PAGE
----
The mayor position holds a LOT of power thanks to the structure of Denver’s government, which grants our mayor with more power than almost any other mayor in the country. A few big responsibilities include:
- Creating a budget—one of the biggest ways the government impacts our daily lives—by deciding which programs and priorities are funded.
- Hiring, firing and directing pretty much everyone in government, from the agencies that plow our roads to providing mental health services and yes, the Denver Police Department. The mayor has a direct role in police oversight and accountability.
- Enforcing our laws. While the mayor doesn’t make laws (city council does), they do enforce the laws and have a ton of power over how our laws are applied, including how we treat our unhoused neighbors.
All 13 City Council Seats
Denver has 11 districts with one elected councilor to represent it (find yours). Plus all Denver voters elect two at-large councilors to represent the whole city. Denver City Council has a big say over what programs and priorities get resources, making it easier (or harder) for young people to live here, by:
- Setting our city’s minimum wage, which directly impacts how affordable the city of Denver is for young people.
- Making and adopting development plans that can push for our city to grow in a sustainable and equitable way.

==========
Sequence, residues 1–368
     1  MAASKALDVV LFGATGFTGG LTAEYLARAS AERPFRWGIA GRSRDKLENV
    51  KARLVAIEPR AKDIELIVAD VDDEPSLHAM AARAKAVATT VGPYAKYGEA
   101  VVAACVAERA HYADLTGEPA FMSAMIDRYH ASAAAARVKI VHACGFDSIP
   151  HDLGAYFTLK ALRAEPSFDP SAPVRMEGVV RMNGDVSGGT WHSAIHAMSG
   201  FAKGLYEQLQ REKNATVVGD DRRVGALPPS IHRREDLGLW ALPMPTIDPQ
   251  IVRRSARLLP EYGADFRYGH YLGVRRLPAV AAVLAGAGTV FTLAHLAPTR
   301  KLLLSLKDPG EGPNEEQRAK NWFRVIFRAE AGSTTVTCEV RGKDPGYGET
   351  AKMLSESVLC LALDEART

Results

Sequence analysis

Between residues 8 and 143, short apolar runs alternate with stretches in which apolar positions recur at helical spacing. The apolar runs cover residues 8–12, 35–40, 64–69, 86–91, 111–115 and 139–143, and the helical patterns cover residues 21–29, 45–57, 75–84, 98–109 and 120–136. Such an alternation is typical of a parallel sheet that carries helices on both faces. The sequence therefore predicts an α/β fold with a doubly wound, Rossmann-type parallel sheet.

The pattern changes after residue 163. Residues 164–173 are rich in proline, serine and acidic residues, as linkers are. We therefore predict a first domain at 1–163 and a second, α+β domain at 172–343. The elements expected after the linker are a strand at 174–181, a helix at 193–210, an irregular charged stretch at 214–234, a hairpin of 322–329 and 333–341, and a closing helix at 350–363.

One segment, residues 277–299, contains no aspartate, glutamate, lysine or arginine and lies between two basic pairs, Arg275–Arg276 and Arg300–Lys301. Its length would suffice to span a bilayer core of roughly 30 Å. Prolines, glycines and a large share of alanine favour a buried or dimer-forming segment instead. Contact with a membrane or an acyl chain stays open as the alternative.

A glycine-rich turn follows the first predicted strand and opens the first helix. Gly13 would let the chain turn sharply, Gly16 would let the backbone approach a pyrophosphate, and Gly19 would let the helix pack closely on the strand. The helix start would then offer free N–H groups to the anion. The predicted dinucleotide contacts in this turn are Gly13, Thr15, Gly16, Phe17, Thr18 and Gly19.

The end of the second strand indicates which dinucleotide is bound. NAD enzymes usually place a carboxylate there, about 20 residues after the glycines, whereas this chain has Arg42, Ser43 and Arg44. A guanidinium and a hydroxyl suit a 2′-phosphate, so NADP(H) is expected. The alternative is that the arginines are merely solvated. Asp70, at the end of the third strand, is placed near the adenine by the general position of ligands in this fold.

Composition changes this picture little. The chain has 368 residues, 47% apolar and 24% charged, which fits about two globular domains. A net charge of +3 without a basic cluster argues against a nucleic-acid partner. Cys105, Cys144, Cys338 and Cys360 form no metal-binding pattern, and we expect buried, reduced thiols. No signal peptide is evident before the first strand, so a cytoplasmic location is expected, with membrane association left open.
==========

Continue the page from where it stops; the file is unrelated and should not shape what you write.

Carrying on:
- Referring ballot questions to voters so we get a direct voice in economic justice in our city.
- Creating more housing that is *actually* affordable and accessible, for renters and for people striving toward homeownership.
City council also plays a big role in public safety, holding the police accountable, addressing homelessness, and holding the mayor accountable to our city’s needs.
Clerk and Recorder
The Clerk and Recorder runs our election system in Denver, including:
- Administering each election from top to bottom, including printing, sending, collecting and processing thousands of ballots accurately and efficiently.
- Planning Voter Service & Polling Centers and ballot dropbox locations so that they are accessible to historically marginalized communities.
- Operating language services, accessible voting systems, and ensuring polling places are physically accessible to make sure all community members can participate in the election.
- Processing voter registrations.
- Gathering community input on elections.
The Auditor checks and balances the power of our mayor, enforces minimum wage laws, and more.